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Today, I stand here as a spokesperson of “The Women’s Foundation Hong Kong”.

We have invited you all to this event to address the issue of gender inequality in Hong Kong. To all the women out here; gender equality exists. We want to the issue of gender inequality and to do that we need everyone involved.

If you care about solving gender inequality issues in Hong Kong as much as we do, then you certainly have the power, the willingness and the capability to advocate your friends and colleagues to fight for gender inequality. “The Women’s Foundation” serves as a non profitable organization that tries to galvanize everyone to fight for gender equality and to improve lives of women and girls in Hong Kong. Our purpose in Hong Kong is to empower children, young people and community to make vital changes that tackle the root causes of discrimination against girls, exclusion and vulnerability.

Being elected as the spokesperson of “The Women’s Foundation”, I have gained a lot of insights on gender inequality in Asia. Comparing Hong Kong with developing countries, for example India, Vietnam and Thailand, Hong Kong’s young women are better off. However, gender stereotypes and the great level of pressures girls endure illustrate the level of gender inequality in Hong Kong. The Hong Kong government has said that it is not necessary to promote events and organizations that fight for gender inequality as it already prioritize girls empowerment in schools through education. In the city we live in, girls are given unnecessary pressure to get married as well as conflicting gender stereotypes and yet, the government of Hong Kong does not find it necessary to help organizations to promote campaigns such as, “Because I Am A Girl” and “Donate a pencil”.

In Hong Kong, we see gender inequality through stereotyping of women and girls, advertisements and gender pay gap. Growing up in Hong Kong, just like most of you, I never realized that gender inequality exists but it certainly did at home, school and workplace. At school, girls were not given opportunities to take part in sports and even if they were given a chance, girls would refuse fearing that they would be teased by their friends for being called muscly. I believe there is stereotyping of women and girls in Hong Kong at a very young age. Girls are not encouraged to play sports as it is considered manly. Girls are given princess books to read and toys that resembles a perfect girl that can do housework as well as study.

At home, girls are forced to do chores and are taught to be a perfect housewives. But on the other hand, girls are also expected to excel in their studies and in many cases girls do outperform boys and yet we still see men being dominant in professions like engineering, CEOs and police officers. Since 2011, the pay gap between men and women has widened according to a report by Census and statistics department. The mean salary men are receiving is HK$2,500 more than that of women. The pay gap has widened by HK$500. Women are earning less not because they are weak but they are considered weak.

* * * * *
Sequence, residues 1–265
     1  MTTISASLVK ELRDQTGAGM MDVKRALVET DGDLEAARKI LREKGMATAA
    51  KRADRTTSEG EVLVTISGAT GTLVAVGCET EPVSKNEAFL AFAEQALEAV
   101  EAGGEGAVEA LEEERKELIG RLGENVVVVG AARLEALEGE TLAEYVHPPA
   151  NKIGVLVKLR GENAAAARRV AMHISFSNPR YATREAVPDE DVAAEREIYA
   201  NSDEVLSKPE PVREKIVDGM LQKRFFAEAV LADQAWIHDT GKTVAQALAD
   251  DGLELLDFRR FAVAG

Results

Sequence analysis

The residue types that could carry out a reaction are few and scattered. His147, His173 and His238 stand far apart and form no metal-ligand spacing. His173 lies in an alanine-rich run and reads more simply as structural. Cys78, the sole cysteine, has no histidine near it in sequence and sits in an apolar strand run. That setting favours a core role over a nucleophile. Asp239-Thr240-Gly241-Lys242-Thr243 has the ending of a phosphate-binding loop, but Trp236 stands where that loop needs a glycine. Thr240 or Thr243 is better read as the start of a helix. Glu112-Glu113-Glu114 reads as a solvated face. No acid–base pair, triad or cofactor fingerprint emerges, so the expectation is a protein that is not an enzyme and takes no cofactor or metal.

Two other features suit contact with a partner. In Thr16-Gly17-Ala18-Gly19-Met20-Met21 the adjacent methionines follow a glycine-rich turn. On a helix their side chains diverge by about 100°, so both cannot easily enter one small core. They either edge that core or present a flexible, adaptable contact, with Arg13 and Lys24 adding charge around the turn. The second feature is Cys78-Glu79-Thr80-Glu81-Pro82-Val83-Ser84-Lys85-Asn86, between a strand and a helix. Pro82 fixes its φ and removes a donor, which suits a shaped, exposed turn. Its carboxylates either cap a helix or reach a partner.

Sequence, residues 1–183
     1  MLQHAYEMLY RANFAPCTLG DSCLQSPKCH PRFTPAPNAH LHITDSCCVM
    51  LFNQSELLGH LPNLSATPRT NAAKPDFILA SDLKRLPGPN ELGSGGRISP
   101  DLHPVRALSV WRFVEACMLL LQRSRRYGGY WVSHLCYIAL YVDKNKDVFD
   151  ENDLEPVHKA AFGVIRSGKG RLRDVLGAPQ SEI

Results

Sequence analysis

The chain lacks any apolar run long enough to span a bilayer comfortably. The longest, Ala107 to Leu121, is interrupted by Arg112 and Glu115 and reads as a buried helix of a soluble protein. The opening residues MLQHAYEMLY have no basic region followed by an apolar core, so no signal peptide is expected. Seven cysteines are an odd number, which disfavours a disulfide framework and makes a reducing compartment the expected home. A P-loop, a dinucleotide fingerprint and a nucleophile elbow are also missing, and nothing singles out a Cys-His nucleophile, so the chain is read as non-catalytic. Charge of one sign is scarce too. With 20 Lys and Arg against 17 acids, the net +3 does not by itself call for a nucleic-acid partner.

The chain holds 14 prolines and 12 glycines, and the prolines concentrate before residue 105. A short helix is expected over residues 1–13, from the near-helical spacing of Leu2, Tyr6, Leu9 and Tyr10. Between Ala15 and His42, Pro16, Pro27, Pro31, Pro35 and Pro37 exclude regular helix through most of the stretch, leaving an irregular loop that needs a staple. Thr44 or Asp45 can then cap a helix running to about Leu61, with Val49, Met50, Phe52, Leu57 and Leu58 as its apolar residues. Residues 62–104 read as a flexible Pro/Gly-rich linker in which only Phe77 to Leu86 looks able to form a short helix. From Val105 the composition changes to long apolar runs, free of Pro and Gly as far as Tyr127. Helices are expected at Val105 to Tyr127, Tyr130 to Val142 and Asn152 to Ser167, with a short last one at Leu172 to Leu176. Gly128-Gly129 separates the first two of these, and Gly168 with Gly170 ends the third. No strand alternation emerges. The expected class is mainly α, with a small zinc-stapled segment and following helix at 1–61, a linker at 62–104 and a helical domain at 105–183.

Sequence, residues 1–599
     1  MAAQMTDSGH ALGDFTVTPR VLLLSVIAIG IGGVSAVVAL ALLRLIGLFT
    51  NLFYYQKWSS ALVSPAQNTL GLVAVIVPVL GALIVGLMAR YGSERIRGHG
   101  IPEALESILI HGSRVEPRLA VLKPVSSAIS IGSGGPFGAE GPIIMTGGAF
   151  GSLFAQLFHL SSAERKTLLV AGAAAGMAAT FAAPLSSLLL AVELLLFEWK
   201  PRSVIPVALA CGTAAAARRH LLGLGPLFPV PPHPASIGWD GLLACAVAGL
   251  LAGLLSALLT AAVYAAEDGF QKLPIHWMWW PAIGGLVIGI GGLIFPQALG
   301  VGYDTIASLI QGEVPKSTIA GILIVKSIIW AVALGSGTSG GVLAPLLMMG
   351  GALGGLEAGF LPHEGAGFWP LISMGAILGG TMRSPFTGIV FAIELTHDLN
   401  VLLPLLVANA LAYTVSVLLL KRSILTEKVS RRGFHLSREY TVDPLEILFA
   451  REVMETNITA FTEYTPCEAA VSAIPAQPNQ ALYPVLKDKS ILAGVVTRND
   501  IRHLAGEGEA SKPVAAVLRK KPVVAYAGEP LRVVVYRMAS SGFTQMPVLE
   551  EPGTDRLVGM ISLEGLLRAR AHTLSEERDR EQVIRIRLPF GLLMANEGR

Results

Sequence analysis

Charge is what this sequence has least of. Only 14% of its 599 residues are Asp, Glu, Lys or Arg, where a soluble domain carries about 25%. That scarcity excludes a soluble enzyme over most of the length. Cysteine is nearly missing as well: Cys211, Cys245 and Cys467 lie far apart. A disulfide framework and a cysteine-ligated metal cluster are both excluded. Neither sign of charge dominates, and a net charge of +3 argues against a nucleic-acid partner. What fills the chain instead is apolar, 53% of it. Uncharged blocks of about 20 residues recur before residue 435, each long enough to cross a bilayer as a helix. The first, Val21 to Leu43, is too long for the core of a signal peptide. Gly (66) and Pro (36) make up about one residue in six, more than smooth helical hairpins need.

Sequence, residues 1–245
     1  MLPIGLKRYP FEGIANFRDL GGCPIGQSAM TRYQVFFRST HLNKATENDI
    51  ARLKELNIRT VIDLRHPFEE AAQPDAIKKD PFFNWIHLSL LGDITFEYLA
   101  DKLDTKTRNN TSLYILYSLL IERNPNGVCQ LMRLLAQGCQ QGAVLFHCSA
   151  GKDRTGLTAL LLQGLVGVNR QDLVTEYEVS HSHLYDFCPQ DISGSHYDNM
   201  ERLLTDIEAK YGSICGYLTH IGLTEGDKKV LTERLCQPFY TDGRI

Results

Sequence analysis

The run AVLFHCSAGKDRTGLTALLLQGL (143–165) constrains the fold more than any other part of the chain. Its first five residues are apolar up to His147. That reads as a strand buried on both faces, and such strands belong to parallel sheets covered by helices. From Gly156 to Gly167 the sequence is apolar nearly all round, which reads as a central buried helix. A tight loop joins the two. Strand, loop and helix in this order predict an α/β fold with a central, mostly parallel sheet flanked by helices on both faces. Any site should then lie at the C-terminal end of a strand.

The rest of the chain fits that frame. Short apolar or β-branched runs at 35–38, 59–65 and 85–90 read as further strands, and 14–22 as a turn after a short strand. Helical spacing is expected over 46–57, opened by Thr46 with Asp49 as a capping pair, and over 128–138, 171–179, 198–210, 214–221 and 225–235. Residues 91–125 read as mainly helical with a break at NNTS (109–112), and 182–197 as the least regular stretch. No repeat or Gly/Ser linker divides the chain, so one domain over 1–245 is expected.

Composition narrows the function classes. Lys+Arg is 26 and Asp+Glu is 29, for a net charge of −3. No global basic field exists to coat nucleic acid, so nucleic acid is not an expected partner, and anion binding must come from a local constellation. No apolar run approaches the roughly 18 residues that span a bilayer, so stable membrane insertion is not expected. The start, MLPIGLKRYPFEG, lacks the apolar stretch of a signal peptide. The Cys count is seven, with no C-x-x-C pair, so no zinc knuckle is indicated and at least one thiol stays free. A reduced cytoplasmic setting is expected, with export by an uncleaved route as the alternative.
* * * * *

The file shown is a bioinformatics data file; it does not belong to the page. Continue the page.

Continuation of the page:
Clearly, discrimination exists. Census and statistics department has also shown that fewer Hong Kong women are employers. In 2007, there were 27,700 women who were employers but the number has decreased to 21,900 in 2014. There is lack of laws in Hong Kong that prevents gender specific advertisements. In this city, we see ads from skinny women promoting weight loss to men showing their physical fitness and being leaders. There are some countries, for example France that ban sexist commercials.

The advertisements promote unrealistic ideas of female beauty to a large extent. We also see how advertisements are encouraging gender stereotypes. We have women playing the roles of nurses and men are usually shown as CEOs.  The government says it does not want to promote those events and organizations fighting for gender inequality because they promote gender inequality through education system. However, has this solved the gender inequality issues in Hong Kong? I believe that the government should start focusing on promoting events that fight for gender equality. Empowering women and girls through education is a right step to end gender inequality but that is not enough. Hong Kong is already lagging behind in solving gender inequality issues. Therefore, it’s government’s duty to promote events and organizations that solely aim to solve gender inequality.

We still have people stereotyping women and girls. We still practice traditions and cultures that create a border line of what women and girls should do. We still have advertisements and media portraying what women and girls should be and look like. To fight gender inequality, we all got to work together. Stop stereotyping women and girls. Join us on the movement to end gender inequality. “The Women’s Foundation Hong Kong” where women are given opportunities to become leaders, where women are taught how to challenge gender stereotypes and where women in poverty are empowered. Let’s take a right step towards a society in which women are treated equally as men.

Let’s make this change together for yourself, women in Hong Kong, women around the world and for the future daughters. It’s now or never. Thank you very much.  

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